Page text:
Some of the details are a little fuzzy, but the pain I felt is not.
I was probably 14 or 15—I’m not sure—but the lab work had been showing the decline in my kidney function so the doctor ordered a biopsy.
When the time came, I was given something to help me not to feel the pain of the procedure, however, there was a delay. A long delay. By the time the doctor decided to go ahead with the biopsy, the anesthetic was rapidly wearing off. For some reason, it was decided that I should not be given any more anesthetic or sedative or whatever combination it was that was supposed to help me not feel the pain. Those kinds of decisions should not be made.
Mom had gone to the gift shop during the wait and bought a small stuffed angel which she hung from the IV pole above my head. She said it was my guardian angel. As Dad stood by my side, he held out his hand and told me to grab his fingers and squeeze as hard as I needed. The parents knew this was going to be a tough one.
The needle was long and I felt every bit of it as it entered my back, went into my kidney and came back out again. I squeezed Dad’s fingers pretty hard, but kept my body motionless and stayed silent as involuntary tears flowed. “We’re done,” the doctor finally announced. “You did a great job.” Then I could feel Mom’s hand on my head and hear love in her voice as she comforted me.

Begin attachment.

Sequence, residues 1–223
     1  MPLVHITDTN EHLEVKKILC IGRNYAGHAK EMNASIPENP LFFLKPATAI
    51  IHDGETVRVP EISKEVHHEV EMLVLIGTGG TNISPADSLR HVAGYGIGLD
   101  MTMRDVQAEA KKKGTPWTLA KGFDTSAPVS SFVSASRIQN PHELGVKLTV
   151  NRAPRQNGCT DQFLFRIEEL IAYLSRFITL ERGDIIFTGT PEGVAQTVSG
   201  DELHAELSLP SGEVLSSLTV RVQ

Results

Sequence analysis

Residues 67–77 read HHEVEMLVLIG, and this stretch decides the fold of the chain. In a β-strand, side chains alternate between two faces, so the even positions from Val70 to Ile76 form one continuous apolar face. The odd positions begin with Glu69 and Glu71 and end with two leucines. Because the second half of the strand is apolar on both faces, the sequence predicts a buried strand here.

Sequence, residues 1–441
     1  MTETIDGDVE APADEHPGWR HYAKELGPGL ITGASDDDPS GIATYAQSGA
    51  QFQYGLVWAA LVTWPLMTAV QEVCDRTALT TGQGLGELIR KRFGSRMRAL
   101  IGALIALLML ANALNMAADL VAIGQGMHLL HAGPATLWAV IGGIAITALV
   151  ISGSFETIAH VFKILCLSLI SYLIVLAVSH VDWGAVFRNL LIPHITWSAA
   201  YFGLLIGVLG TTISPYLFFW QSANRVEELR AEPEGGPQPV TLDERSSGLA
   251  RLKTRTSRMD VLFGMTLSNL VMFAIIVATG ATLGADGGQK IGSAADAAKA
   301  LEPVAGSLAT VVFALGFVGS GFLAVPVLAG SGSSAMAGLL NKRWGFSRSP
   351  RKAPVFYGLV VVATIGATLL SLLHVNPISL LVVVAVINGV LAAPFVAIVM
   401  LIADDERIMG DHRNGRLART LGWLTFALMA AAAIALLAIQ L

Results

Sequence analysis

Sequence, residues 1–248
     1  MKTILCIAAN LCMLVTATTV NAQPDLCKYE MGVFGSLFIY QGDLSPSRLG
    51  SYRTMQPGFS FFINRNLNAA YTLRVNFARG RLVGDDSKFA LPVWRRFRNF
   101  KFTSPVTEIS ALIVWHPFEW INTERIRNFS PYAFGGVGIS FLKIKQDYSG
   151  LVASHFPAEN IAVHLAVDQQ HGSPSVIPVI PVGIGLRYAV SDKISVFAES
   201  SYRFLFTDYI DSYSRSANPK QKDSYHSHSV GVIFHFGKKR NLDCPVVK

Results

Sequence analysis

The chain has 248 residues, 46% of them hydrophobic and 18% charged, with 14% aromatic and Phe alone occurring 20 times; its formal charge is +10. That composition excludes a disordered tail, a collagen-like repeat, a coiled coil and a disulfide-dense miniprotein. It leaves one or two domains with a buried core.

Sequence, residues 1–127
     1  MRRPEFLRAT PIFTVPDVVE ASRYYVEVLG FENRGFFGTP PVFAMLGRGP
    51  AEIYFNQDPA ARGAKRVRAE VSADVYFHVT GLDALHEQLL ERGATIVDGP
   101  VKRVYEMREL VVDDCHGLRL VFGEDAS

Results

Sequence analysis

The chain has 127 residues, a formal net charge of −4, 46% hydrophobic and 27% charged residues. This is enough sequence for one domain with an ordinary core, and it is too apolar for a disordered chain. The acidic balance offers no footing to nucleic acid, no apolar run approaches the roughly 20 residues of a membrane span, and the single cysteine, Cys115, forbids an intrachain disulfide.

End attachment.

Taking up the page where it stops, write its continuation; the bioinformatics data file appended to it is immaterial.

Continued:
It’s almost 30 years later and the memory of the pain I felt that day still makes me wince, but the pain is not all I remember. I also remember my father staying with me through it and I can feel my hand wrapped around his fingers. I’m sure my small hands did him no harm, but I still feel his strength absorbing my pain. And I remember my mother speaking soothing words to me and I still have the angel she gave me.
I suddenly remembered this event as I was talking with my dad—well, more like bawling my eyes out. I didn’t mean to cry, but he was asking questions about stuff that was going on and he hit the well and I couldn’t stop the waterworks. Then this picture of that day came to mind out of nowhere. And the words, “Be still and know that I am God.”
Have you ever hit a spot in life where there is no relief for the pain? Don’t you hate how the Lord inexplicably waits and waits and waits to do something, anything? Why does He do that? Then He finally starts to operate and it’s very painful because He waited until all the anesthetic we used to help us cope is gone. He won’t let us be sedated through the process.
I have found though, if I can somehow manage to finally be still while He operates, He finishes fairly quickly. On the other hand, once He has started, if I move or try to wiggle my way out to avoid the pain, I can create a far worse situation. While He’s doing His work, He also stands next to me and tells me to squeeze His hand as hard as I need. It doesn’t cause Him any harm, but I feel His strength as He absorbs the pain that I have to express. When He’s done, maybe I get to hear that I did a good job as He reaches over to stroke my head and speak soothingly to me.